“La Primavera” proves her name suits her well as springtime seems to have decided to pop up on that very day. Milan-San Remo is the first one day classic of the season. It is also round 1 for the strongest riders in the peloton. The first “Monument”. The hilly seaside of northern Italy is spectacular and makes for suitable scenery.
Greg LeMond has been here before. In 1982, his second year as a pro, he placed 17th, 5th in the bunch sprint of a strange race, disorganized by the eerie escape of French buccaneers Marc Gomez (winner) and Alain Bondue. In 1983, Greg finds mud on the way to San Remo but misses the train and ends up in the second chasing group, Giuseppe Saronni having “pulled a Goodwood” again with his rainbow jersey on, this time. In 1985, after a blank result in 1984 (DNF), Greg LeMond seems to be on the verge of reaching the stars. One week prior to the Poggio feast, we see our man facing a snowstorm at Tirreno-Adriatico, only to catch some aggressive germ as he is set to win… Greg retires from Tirreno on the last day and is a no show at Milan.
An early breakaway puts the first stage of the La Vie Claire rocket on orbit. Kim Andersen is here to make sure his teammates can “smoke the pipe” within the comfort of the peloton. The team has a plan. The Danish spends most of his day at the front.
After a while, Andersen finds himself at the front with just the help of one other rider. He needs help. Spring is coming. A counter-attack group is closing in and Steve Bauer shows up. He is among the 7 riders backing up Andersen and his companion. Now La Vie Claire is 2 riders strong. It’s a good group. Marc Madiot and Steven Rooks are there too. Stage 2 of the La Vie Claire rocket is in place.
At the front of the peloton, the Panasonic team is trying to organise the chase. They want to make sure Eric Vanderaerden has a shot at winning a bunch sprint, eventually. Behind them stands one Greg LeMond, ready to jump on any attack.
The second to last climb of the race, the Cipressa, is climbed at a very fast pace. Greg (working for La Vie Claire) and Charly Mottet (working for Marc Madiot and Laurent Fignon’s Système U) are guarding the peloton fort. Sean Kelly’s not far.
At the front of the race, only 5 riders are left : Bauer, Rooks, Madiot, Wijnands and Petito. They keep pushing until the foot of the Poggio. It is the defining moment of Milan-San Remo. The front of the peloton shows Francesco Moser, Sean Kelly, Greg LeMond and French sprinter Bruno Wojtinek standing by. There is a regroup. Greg asks his friend Steve Bauer to give everything he has left. It’s a fast pace. Stage 1 of the La Vie Claire rocket is about to launch.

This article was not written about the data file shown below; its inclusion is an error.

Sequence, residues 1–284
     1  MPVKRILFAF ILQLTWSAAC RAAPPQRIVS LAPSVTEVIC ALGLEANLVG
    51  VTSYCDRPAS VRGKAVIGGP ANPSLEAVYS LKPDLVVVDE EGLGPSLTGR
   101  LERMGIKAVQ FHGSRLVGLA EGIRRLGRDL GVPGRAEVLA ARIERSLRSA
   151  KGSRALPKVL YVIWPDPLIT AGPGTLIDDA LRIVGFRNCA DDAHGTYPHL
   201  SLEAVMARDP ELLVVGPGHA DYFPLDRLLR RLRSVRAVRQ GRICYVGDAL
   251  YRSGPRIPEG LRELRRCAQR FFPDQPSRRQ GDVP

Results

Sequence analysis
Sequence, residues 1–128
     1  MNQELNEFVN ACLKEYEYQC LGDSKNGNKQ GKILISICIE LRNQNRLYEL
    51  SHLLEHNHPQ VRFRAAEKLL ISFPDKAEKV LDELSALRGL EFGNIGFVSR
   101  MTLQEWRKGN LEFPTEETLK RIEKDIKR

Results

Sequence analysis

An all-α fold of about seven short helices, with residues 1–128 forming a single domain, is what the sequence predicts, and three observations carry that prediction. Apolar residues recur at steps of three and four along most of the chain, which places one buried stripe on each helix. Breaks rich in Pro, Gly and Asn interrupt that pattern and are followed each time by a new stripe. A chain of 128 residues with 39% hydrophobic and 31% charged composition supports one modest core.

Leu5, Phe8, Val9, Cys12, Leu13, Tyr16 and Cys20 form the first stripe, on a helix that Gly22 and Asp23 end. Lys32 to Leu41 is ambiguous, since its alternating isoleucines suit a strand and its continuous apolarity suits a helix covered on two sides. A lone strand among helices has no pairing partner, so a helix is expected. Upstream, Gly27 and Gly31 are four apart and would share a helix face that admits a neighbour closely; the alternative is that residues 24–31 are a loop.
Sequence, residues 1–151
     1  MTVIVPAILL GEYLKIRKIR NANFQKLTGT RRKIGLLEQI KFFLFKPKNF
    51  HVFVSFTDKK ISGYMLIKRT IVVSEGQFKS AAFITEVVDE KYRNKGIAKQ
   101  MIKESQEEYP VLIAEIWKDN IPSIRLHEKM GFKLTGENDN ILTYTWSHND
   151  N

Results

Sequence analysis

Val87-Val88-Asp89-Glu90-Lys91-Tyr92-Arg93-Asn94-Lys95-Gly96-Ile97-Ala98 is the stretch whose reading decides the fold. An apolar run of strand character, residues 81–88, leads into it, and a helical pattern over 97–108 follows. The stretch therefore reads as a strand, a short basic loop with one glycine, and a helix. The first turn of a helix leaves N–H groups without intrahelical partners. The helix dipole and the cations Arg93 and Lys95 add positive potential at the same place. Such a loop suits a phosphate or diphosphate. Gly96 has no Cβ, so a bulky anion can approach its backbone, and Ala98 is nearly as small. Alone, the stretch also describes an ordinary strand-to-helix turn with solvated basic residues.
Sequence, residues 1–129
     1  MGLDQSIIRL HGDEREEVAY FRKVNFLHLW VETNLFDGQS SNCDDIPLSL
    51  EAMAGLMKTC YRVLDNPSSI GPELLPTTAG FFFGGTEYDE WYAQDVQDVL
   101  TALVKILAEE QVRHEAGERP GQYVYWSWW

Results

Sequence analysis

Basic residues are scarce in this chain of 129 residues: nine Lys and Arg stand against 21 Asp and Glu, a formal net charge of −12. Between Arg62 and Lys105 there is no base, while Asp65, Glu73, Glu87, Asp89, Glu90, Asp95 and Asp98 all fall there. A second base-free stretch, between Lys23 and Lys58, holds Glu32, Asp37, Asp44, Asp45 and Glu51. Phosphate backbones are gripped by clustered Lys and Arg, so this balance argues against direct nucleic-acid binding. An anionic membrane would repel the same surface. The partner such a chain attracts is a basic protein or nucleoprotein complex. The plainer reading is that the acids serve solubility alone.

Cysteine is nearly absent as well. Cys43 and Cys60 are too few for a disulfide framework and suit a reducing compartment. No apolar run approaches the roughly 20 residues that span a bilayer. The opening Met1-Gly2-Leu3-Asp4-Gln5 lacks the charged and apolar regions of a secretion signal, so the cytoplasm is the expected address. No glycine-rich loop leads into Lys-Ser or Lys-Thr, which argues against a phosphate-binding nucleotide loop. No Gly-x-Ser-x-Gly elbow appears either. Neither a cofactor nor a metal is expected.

In the first hairpin, there is a bit of a mess. The TV cameras motorcycles find themselves stuck in between riders. This is dangerous. The helicopter takes over and tries to keep up. By the second hairpin, Steve Bauer has given up… Greg LeMond is away. Followed like a shadow by the small rider Mario Beccia, Greg is pushing hard. But the pair soon sees Sean Kelly join them. Kelly is a predator. And he’s not here for fun. He takes the lead instantly and keeps the pace going. There is a good reason for it. Behind the 3 leading riders, just 5m away is Niki Ruttimann, swiss rider for La Vie Claire. A secret weapon, if you like. But Kelly is pushing so hard that poor Niki fails to make the junction. Stage 1 of the La Vie Claire rocket is having a failure. “Koechli, we have a problem”.
Moser and Fignon lead the peloton but they know they didn’t quite nail it. The Frenchman takes notice. There aren’t 2 opportunities to shine on the Poggio.
The descent goes by fast, Kelly and LeMond being 2 of the finest pilots in the peloton. It’s the “ultimo Chilometro”. Greg is standing by Kelly’s wheel. Perfect placement. But as the sprint starts, the Irishman takes 2-3 meters over the American and keeps them over. He is just too strong.
It’s only in 1988 that Greg LeMond makes it back to the Milan starting line. He is not the same man. Hired to be the leader of PDM, Greg is still struggling to get back to his former self after “that” hunting accident. We get a glimpse of him at the front on the Cipressa but he’ll never reach the foot of the Poggio as a massive crash brings him down in the descent right before it. No luck either in 1989, although we suspect Greg was too busy removing stuff from the oven with those potholders of his.
It’s only in 1992 that LeMond appears on the results sheets again. After the 1991 Tour de France demise, he’s in for revenge. Kelly tackles the win and Greg finishes in the first bunch, at the 22nd place. He’s still got it. Or so we think. In fact, the tide has turned. It’s too late for “LeMonster” to become a one-day races chaser, as we will be given the Gewiss-like clowns hovering by every dead carcass of a monument. An anonymous 140th place at the 1994 Milan-San Remo ends his story.
But in a sunny march afternoon of 1986, the mud covered Mondrian jersey of Greg LeMond looked pretty damn cool, don’t you think ?
Watch the images here.